"Rubella is usually mild in children. But for some peopleā”especially pregnant women and their babiesā”rubella can be serious. Make sure you and your child are protected from rubella by getting vaccinated on schedule.
Typhim Patient Information including How Should I Take
In this Article
- What is typhoid vaccine (Typhim)?
- What are the possible side effects of typhoid vaccine (Typhim)?
- What is the most important information I should know about typhoid vaccine (Typhim)?
- What should I discuss with my healthcare provider before receiving typhoid vaccine (Typhim)?
- How is typhoid vaccine given (Typhim)?
- What happens if I miss a dose (Typhim)?
- What happens if I overdose (Typhim)?
- What should I avoid before or after getting typhoid vaccine (Typhim)?
- What other drugs will affect typhoid vaccine (Typhim)?
- Where can I get more information?
What should I discuss with my healthcare provider before receiving typhoid vaccine (Typhim)?
You should not receive this vaccine if you have ever had an allergic reaction to typhoid vaccine in the past.
Typhoid vaccine should not be used in a person who is a typhoid carrier.
If you have any of these other conditions, your vaccine may need to be postponed or not given at all:
- fever with any type of infection or illness;
- a bleeding or blood clotting disorder (such as hemophilia);
- a weak immune system caused by disease such as HIV/AIDS or cancer; or
- a weak immune system caused by receiving certain medicines such as steroids, chemotherapy or radiation.
You can still receive a vaccine if you have a minor cold. In the case of a more severe illness with a fever or any type of infection, the doctor may ask you to wait until you get better before you can receive the vaccine.
Vaccines may be harmful to an unborn baby and generally should not be given to a pregnant woman. However, not vaccinating the mother could be more harmful to the baby if the mother becomes infected with a disease that this vaccine could prevent. Your doctor will decide whether you should receive this vaccine, especially if you have a high risk of infection with typhoid.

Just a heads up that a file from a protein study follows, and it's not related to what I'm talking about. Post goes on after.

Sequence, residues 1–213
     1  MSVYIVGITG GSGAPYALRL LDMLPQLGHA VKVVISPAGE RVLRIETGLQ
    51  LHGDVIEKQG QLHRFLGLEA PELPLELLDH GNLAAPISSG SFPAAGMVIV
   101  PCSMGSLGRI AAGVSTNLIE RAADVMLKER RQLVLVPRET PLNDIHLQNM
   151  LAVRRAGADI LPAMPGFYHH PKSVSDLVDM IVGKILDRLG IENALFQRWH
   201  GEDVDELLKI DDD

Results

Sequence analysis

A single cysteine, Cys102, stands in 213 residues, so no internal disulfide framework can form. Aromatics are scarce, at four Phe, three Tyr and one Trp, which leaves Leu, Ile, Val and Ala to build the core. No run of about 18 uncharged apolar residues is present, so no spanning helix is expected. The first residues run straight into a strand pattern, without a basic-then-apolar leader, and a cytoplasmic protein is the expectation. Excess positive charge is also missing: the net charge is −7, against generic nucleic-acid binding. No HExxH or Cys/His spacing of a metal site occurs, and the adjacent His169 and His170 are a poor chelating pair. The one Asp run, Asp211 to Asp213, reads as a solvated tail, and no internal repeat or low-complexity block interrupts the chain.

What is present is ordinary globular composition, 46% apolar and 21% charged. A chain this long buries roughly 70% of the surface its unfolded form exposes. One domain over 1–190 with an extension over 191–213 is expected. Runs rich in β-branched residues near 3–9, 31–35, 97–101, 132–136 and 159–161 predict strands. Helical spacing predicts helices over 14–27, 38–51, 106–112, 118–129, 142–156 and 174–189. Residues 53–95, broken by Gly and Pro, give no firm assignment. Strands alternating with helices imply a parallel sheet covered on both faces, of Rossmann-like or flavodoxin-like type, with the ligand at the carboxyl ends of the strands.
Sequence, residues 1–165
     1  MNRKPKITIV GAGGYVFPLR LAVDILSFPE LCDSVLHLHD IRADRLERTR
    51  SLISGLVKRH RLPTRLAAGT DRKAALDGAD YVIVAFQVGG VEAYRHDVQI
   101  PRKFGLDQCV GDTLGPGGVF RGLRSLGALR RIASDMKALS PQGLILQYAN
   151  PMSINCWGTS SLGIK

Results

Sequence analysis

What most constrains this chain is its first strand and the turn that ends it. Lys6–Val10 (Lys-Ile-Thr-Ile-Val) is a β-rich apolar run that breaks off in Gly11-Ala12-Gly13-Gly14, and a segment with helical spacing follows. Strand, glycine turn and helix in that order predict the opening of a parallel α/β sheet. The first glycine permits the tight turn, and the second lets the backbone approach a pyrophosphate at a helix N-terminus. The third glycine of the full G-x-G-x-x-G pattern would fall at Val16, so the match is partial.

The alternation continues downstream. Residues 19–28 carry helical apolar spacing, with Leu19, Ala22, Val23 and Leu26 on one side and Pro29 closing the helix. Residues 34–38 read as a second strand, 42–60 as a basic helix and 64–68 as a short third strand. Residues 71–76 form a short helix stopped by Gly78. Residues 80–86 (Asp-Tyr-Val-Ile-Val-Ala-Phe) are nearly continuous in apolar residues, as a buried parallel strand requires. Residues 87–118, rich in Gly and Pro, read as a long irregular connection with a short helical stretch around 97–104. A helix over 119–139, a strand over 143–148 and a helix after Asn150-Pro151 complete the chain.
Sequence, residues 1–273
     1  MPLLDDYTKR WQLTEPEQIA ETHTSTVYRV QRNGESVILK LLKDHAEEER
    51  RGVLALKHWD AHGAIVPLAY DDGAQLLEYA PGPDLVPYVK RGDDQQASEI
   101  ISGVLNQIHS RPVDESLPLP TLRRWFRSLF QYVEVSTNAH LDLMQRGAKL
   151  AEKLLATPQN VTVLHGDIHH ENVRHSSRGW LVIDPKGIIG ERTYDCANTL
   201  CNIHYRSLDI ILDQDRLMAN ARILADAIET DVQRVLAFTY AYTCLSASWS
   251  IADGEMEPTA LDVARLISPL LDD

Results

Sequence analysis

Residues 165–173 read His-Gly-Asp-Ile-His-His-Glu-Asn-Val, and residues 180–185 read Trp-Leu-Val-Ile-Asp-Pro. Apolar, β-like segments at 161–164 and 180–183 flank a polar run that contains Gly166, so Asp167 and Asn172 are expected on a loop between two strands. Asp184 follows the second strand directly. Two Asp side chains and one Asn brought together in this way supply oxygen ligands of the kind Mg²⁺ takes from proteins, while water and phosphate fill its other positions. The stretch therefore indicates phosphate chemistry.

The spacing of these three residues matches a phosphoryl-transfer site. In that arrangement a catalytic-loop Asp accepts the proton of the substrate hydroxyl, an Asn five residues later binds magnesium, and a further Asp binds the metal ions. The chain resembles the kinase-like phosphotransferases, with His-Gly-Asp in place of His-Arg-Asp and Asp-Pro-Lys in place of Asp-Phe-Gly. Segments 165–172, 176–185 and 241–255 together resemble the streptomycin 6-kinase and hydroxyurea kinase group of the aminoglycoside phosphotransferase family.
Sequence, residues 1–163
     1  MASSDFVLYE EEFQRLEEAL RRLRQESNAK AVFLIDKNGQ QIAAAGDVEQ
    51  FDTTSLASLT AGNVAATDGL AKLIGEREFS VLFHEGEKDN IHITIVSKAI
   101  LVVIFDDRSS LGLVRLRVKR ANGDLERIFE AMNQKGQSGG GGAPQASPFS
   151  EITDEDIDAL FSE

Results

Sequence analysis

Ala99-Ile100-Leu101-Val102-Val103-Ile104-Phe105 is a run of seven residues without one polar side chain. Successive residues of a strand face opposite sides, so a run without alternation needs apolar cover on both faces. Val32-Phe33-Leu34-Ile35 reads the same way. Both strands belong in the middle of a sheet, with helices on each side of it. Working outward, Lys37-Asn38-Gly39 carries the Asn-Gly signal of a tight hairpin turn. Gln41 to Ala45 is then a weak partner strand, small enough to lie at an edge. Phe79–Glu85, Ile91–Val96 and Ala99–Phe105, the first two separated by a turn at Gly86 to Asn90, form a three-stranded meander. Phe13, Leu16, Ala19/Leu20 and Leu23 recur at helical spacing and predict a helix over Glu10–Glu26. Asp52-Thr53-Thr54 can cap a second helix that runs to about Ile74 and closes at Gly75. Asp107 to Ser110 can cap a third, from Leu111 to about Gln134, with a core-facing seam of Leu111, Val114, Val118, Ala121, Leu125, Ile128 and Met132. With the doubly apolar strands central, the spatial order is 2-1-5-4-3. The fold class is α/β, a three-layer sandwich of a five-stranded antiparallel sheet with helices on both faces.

It is not known whether typhoid vaccine passes into breast milk, or if it could harm a nursing baby. Do not receive this vaccine without telling your doctor if you are breast-feeding a baby.
How is typhoid vaccine given (Typhim)?
Typhoid vaccine is recommended for adults and children in the following situations:
- people who travel to countries where typhoid fever is common;
- people who will have long-term exposure to food or water that may be contaminated with typhoid;
- people who live with someone who is a typhoid carrier; and
- laboratory workers who may come into contact with Salmonella typhi in a work setting.
This vaccine is given as an injection (shot) into a muscle. You will receive this injection in a doctor's office or other clinic setting.
You should receive this vaccine at least 2 weeks before your scheduled travel or possible exposure to typhoid.
The typhoid vaccine is given as a single injection. A booster dose is then recommended every 2 years during possible exposure to typhoid. Your individual booster schedule may be different from these guidelines. Follow your doctor's instructions or the schedule recommended by the Centers for Disease Control and Prevention (CDC).
Wash your hands often to help prevent typhoid when you are in an area where contamination is possible.
Additional Typhim Information
Report Problems to the Food and Drug Administration
You are encouraged to report negative side effects of prescription drugs to the FDA. Visit the FDA MedWatch website or call 1-800-FDA-1088.
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